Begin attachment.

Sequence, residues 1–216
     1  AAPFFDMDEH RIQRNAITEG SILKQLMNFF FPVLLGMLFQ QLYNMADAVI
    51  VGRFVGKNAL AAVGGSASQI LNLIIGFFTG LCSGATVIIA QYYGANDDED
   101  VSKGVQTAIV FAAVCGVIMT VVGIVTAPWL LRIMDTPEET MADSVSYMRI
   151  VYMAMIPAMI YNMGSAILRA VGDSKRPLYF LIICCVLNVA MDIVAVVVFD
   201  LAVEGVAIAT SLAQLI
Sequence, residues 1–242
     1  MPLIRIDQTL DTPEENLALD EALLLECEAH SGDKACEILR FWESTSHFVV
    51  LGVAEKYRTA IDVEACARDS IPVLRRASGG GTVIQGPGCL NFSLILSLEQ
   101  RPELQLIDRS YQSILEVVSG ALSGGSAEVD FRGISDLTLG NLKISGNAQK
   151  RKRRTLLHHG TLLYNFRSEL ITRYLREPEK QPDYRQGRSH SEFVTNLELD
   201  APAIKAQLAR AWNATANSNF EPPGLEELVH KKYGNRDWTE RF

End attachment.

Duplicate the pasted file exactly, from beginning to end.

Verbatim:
Sequence, residues 1–216
     1  AAPFFDMDEH RIQRNAITEG SILKQLMNFF FPVLLGMLFQ QLYNMADAVI
    51  VGRFVGKNAL AAVGGSASQI LNLIIGFFTG LCSGATVIIA QYYGANDDED
   101  VSKGVQTAIV FAAVCGVIMT VVGIVTAPWL LRIMDTPEET MADSVSYMRI
   151  VYMAMIPAMI YNMGSAILRA VGDSKRPLYF LIICCVLNVA MDIVAVVVFD
   201  LAVEGVAIAT SLAQLI
Sequence, residues 1–242
     1  MPLIRIDQTL DTPEENLALD EALLLECEAH SGDKACEILR FWESTSHFVV
    51  LGVAEKYRTA IDVEACARDS IPVLRRASGG GTVIQGPGCL NFSLILSLEQ
   101  RPELQLIDRS YQSILEVVSG ALSGGSAEVD FRGISDLTLG NLKISGNAQK
   151  RKRRTLLHHG TLLYNFRSEL ITRYLREPEK QPDYRQGRSH SEFVTNLELD
   201  APAIKAQLAR AWNATANSNF EPPGLEELVH KKYGNRDWTE RF